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Steven Palmer Bio

Steven Palmer's blog

Never To Be Forgotten

Posted by Steven Palmer on June 1, 2015

“The nation which forgets its defenders will be itself forgotten.”  –Calvin Coolidge


  Marvin Stutesman, a pharmacist, owned several drug stores in the area and was a respected member of the community. He was also a veteran. He served in the Navy in Korea.

  When Marvin died, his wife, Dorothy, made his arrangements faithfully and sincerely. A memorial service was held in the funeral home chapel. She was alone and was undecided as to his final disposition after cremation. She would “get back to me with a decision.” That was 2002. Attempts to reach Mrs. Stutesman resulted in phone numbers being disconnected and mail being returned. I still have no idea as to her location or mortality.

  Mr. Stutesman was not the only unintended inhabitant of our secure storage area of the forgotten. As with any funeral home of any tenure, we all have residents that we never expected. They should not be in our care. They need to be in permanent, appropriate placement; yet they reside with us awaiting family claimants or long term storage to be passed off to successive owners.

  Some funeral home owners have used their state laws to scatter or otherwise dispose of these seemingly permanent boarders. One corporately purchased funeral home scattered them and ended up on the evening news. Legally they were clear, but the civil suits began.

  As we have investigated this dilemma over the years, one organization gave us a satisfying solution to our predicament.

  The Missing in America Project, since January 2007, has aspired to “locate, identify and inter the unclaimed cremated remains of American veterans through the joint efforts of private, state and federal organizations.”

  I was aware of MIAP through my memberships with Arizona Funeral, Cemetery and Crematory Association and the National Funeral Directors Association. One of my staff members, Sam DiGiovianni, an Army veteran who served in Afghanistan and was wounded twice as vehicles he was riding in came in contact with Improvised Explosive devices (IEDs), encouraged me to work with MIAP.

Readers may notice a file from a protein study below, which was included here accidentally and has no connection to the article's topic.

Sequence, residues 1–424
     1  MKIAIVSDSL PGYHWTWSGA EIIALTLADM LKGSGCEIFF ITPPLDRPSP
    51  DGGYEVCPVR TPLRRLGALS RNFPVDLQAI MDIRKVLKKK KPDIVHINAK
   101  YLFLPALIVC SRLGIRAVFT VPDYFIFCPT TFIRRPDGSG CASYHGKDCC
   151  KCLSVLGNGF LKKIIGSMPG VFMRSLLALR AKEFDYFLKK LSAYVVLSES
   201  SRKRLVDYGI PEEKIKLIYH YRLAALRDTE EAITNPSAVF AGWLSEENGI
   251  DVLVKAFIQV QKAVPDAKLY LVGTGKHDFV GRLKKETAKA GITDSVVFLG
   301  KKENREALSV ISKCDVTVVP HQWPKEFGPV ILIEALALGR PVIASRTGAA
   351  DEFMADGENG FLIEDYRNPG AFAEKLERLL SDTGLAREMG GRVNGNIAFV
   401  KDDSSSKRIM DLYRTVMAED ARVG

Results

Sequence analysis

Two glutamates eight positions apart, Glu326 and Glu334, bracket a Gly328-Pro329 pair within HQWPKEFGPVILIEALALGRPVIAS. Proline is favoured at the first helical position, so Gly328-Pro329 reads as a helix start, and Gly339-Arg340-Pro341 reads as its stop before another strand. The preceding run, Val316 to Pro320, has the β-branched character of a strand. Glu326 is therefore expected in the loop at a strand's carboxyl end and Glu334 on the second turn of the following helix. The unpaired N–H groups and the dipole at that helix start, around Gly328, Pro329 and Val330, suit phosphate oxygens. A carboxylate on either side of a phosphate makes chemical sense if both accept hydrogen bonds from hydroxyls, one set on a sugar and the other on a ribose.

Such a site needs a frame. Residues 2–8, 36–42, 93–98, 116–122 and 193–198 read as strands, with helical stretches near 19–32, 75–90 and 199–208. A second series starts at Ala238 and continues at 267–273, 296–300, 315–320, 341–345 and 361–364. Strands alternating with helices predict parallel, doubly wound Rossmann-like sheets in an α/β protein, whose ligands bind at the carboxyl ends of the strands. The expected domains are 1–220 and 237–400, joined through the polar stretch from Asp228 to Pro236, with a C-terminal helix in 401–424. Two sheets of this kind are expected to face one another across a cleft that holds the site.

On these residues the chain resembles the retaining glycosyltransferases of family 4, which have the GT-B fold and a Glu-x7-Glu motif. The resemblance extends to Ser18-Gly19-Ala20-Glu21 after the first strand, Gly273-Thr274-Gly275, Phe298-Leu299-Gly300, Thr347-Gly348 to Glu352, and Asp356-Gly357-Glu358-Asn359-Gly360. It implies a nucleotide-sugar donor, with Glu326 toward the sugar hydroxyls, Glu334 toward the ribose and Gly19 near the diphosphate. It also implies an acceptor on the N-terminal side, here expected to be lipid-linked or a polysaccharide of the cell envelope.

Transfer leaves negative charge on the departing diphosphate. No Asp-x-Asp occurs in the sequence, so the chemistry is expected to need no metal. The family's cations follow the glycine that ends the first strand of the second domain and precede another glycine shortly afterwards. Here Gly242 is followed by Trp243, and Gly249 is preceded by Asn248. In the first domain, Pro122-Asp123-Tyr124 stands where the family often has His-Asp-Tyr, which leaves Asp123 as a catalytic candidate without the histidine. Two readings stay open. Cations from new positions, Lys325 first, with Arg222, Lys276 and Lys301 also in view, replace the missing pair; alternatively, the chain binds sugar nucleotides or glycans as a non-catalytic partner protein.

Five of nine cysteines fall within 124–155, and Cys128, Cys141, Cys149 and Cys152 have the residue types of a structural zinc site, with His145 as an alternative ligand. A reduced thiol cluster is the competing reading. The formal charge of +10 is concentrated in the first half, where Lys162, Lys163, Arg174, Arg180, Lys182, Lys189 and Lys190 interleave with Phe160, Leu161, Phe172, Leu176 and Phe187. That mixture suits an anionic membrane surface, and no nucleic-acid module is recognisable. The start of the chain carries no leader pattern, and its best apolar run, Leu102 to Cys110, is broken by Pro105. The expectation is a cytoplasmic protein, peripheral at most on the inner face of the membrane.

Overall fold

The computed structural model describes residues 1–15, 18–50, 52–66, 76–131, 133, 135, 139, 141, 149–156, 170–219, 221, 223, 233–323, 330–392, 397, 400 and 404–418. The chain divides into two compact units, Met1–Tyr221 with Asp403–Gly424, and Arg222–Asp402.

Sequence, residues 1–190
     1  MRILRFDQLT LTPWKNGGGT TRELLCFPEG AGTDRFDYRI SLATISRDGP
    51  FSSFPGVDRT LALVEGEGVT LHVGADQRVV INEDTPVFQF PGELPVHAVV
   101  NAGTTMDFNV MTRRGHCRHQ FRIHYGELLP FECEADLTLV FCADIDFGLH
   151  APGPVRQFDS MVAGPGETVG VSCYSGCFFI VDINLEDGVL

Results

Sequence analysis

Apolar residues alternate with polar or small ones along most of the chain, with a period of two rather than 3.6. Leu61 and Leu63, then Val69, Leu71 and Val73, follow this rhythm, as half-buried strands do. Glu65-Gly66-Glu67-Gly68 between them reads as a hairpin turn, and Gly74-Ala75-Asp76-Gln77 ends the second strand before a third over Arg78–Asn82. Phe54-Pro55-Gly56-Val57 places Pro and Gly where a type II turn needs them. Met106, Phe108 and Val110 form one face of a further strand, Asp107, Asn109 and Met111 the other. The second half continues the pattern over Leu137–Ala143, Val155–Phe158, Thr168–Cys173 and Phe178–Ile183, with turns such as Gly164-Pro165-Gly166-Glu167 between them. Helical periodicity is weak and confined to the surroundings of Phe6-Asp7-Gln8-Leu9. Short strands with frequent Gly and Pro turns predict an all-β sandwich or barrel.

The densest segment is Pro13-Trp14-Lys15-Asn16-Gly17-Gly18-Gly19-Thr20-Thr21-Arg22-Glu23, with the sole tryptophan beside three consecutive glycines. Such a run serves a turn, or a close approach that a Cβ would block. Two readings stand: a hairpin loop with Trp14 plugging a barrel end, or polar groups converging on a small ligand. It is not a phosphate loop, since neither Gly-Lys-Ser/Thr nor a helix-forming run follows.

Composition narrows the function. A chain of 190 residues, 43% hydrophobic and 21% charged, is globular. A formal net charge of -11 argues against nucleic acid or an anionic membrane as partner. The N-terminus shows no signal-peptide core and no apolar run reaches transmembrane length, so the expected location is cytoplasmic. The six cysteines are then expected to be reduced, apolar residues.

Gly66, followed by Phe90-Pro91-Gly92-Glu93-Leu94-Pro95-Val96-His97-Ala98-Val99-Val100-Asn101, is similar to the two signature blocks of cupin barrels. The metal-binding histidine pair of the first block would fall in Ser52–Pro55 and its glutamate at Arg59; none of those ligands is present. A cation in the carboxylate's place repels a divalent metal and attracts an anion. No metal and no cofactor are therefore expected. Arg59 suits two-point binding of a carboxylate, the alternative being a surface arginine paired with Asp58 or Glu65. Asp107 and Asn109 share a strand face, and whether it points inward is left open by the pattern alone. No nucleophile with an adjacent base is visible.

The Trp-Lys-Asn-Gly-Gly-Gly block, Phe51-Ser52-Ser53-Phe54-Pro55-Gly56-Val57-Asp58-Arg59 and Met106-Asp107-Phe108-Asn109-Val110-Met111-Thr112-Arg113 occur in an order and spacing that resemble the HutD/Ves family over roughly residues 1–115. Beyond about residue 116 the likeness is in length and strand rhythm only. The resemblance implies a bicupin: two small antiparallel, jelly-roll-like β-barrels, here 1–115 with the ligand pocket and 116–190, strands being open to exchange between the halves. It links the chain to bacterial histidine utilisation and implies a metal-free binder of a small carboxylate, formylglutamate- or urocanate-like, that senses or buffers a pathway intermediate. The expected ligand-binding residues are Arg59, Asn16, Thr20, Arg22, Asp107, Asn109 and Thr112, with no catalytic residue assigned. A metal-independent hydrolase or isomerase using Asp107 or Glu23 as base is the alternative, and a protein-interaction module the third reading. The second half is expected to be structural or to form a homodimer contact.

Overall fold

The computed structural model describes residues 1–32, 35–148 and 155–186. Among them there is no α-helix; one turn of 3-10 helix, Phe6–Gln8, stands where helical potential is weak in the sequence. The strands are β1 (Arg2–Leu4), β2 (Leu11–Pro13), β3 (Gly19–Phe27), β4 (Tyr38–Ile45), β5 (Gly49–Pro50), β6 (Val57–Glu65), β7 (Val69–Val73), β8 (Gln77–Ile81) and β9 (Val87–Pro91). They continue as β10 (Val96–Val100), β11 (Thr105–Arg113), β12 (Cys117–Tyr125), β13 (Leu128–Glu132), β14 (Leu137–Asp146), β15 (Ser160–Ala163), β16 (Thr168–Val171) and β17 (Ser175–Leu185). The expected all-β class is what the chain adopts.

Sam obtained information from our files and turned them over to MIAP, who verified their veteran’s status that made them eligible for inurnment at the National Memorial Cemetery of Arizona.

  Four other forgotten veterans were also able to have final placement in the National Cemetery.

  MIAP officers Clyde “Tex” Taylor and Steve Leon presented us with four matching ceramic urns donated to the project. Each one had a red, white and blue lanyard with two small American flags and a recreated “dog tag” for each veteran. These were made by volunteers of the organization.

  A procession would begin at our funeral home with the Patriot Guard providing escort to the scheduled inurnments.

  As the day approached, we were contacted by news organizations who had read this news online. A major Phoenix station asked to be part of the ceremony.

  The local VFW post, who provides our military honors, asked to be part of the ceremony with a flag salute. Their presence was welcomed and encouraged.

  On the day of the service, each urn and flag had its own attendant and was brought to the transport vehicle with the dignity and honor befitting the sacrifice they were commissioned for.

  The procession began to Phoenix, Patriot Guards leading, transport vehicle following.

  There were five other forgotten veterans at the Hansen Funeral Home of Phoenix. Brad Hansen has always been a leading advocate of MIAP. Their five forgotten veterans would be present at the ceremony. Of the nine, four were World War I, two were World War II, one was Korea and two were Vietnam veterans.

  All nine of the forgotten veterans were transported to the stage of the National Memorial Cemetery of Arizona. An appropriate memorial service with full honors was held. Several hundred veterans and other caring people attended the service, but no family members were present.  

  There was one flag folded and presented to represent all nine veterans at the service. I did not know that I would receive that flag, but it was with great honor, a lump in my throat, a tear in my eye, that I represented nine families that could not, or would not, be there for their veterans.

  I put the flag in a case with the nine veteran’s names and the three rounds (actually used at the ceremony) on my wall.

  The overwhelming feeling of responsibility will be with me forever.

  Every person deserves a dignified final placement. MIAP assures that veterans will.


“The veterans of our military services have put their lives on the line to protect the freedoms that we enjoy. They have dedicated their lives to their country and deserve to be recognized for their commitment.”           –Judd Gregg


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